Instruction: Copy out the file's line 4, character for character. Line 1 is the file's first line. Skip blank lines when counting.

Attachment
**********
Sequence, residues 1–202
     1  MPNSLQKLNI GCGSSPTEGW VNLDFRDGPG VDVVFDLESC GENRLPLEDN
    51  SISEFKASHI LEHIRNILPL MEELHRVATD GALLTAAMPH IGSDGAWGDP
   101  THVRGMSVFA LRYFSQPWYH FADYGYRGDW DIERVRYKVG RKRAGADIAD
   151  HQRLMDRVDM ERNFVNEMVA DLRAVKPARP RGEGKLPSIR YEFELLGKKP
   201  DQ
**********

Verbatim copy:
   101  THVRGMSVFA LRYFSQPWYH FADYGYRGDW DIERVRYKVG RKRAGADIAD